If the economic collapse of the last year-plus has given us anything, it’s a crazed and broken discourse, tragically unserious meta-politics, soaring unemployment and crashing faith in the idea of virtuous citizenship. Which, you know, thanks a lot for that. But if it has given us anything else, the economic collapse has provided bleak proof that those of us who felt like we kind of didn’t get it weren’t actually missing anything about the mega-rich solons of the now-smoldering old economy.

Those idiots turning the Lower East Side of Manhattan into a shrieking frat-bumout? Actually idiots, and as bad at their jobs as they were at not-ruining bars. Big-time real estate douches leveling neighborhoods, gobbling up tax breaks and raising identikit glass-dildo condos? Currently broke, towers in foreclosure. Those sage billionaire CEOs with their vague positivism and savvy-rich-dude ebullience? Yeah, they didn’t necessarily know what they were talking about either. What kind of smelled bad but seemed to be working turned out to be both more rotten than we could’ve imagined and totally defective, and those inexplicable millionaires held up as heroes of capital — and who will be again, as long as we labor under the belief that millionaires create jobs, as opposed to the other way around — turned out to be every bit as feckless and crass and venal and deeply mediocre as we could’ve imagined. The economic collapse gave us that, but I’m still not sure these months of disillusionment prepared us for just how terrible Frank and Jamie McCourt — the owner of the Los Angeles Dodgers (and LA real estate magnate) and his soon-to-be-ex-wife (above) — actually are. I don’t know that anything could have.

The venality and childishness of their split and the implausible extravagance of their life together has been covered both here and in the less widely read Los Angeles Times — the $600k in salaries paid out to McCourt kids with other full-time gigs, the former Mrs. McCourt’s request for nearly a million dollars a month in spousal support, and so barfily on. In the Los Angeles Times, Michael Hiltzik reveals the unsurprising (if still kind of nauseating) fact that the McCourts paid a grand total of zero dollars in state and federal income taxes on their $108 million in income between 2004 and ’09. The secret of their success: creative use of depreciation and refinancing on their assets, very good lawyers, the ability to take Juan Pierre and Andruw Jones’ terrible contracts as tax write-offs, and just generally being pretty awful people:

The tax benefits reaped by the McCourts helped turbocharge their lifestyle. There are eight houses, including four in Holmby Hills and Malibu. The McCourts treated their family and business checkbooks as “largely one and the same,” according to an e-mail from a McCourt executive Jamie filed in court. (Oddly, the e-mail ascribes to her the philosophy of “why have a family business but to support the family lifestyle.”)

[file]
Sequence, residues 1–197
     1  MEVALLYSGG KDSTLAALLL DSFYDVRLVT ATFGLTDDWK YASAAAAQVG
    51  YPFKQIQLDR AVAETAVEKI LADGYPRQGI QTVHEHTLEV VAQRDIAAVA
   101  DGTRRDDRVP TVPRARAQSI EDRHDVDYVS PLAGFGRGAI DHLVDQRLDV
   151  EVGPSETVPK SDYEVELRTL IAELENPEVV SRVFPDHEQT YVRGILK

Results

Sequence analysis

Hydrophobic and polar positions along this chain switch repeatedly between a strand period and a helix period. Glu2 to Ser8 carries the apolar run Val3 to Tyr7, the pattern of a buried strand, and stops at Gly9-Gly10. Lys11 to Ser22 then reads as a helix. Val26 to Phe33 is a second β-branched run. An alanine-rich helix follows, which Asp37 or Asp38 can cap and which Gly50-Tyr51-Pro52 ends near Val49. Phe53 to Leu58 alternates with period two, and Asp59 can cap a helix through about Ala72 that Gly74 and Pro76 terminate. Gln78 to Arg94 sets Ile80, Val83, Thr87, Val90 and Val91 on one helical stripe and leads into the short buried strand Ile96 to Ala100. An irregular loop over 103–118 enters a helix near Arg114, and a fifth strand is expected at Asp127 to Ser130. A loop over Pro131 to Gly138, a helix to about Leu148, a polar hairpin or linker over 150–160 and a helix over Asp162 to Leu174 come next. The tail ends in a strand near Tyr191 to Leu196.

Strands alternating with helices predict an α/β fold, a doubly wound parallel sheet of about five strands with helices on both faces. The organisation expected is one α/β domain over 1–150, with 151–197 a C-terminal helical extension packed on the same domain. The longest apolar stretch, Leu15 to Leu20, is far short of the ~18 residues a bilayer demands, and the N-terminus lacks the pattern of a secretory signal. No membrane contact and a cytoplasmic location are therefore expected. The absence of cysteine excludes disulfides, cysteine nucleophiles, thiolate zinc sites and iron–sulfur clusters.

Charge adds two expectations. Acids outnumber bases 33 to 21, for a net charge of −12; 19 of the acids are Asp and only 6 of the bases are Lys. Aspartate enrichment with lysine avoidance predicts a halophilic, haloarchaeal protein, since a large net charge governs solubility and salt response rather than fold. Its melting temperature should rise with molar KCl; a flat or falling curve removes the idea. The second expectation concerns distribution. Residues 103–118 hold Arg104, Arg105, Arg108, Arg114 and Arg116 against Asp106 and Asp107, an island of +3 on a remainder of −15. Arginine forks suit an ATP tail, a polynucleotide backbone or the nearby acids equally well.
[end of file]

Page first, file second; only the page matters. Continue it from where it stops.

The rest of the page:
…The point is not to begrudge the McCourts these luxuries. The point is to question why we as taxpayers should subsidize them. Jamie asserts that, although the state of Massachusetts is auditing the couple’s personal returns for 2006 (they used to be based in the Bay State), neither California nor the Internal Revenue Service is doing so. This raises another question: Why not?

Can we as taxpayers be confident we aren’t paying more than our fair share? Jamie alleges that for the purposes of the divorce, Frank has manipulated the business accounts to make himself look $670 million poorer than he is. Delivering fake numbers to the IRS is a rather different matter from delivering them to your spouse in a divorce action, but the McCourts structured their business as a stew with a lot of complicated ingredients, which makes it hard to verify that all the tax breaks are fully warranted.

…”Only the little people pay taxes,” [Leona Helmsley] reportedly told a maid. The lesson of the McCourts is slightly different: The little people pay taxes for the big people.

I’ve never been divorced and I’ve never been rich, so maybe I’m lacking some perspective on this. But I’m inspired, queasily, to tip my hat to the enduring Republican rhetorical tack of painting America’s richest people as an oppressed minority beset on all sides by ACORN and ponytailed left-wing college profs and union laborers demanding health care. I don’t know how the hell that works, but I see it surviving even the McCourts, somehow.